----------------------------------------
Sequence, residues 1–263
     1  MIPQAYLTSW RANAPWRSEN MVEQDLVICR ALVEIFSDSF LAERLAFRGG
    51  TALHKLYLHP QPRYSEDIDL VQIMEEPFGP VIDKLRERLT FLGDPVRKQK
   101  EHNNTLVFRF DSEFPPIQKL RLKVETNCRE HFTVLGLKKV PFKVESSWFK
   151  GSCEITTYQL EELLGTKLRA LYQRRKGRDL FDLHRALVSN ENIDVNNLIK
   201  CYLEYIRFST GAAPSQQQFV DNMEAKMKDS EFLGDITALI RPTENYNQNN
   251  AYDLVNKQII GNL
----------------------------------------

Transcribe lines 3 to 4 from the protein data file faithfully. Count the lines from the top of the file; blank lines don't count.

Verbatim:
    51  TALHKLYLHP QPRYSEDIDL VQIMEEPFGP VIDKLRERLT FLGDPVRKQK
   101  EHNNTLVFRF DSEFPPIQKL RLKVETNCRE HFTVLGLKKV PFKVESSWFK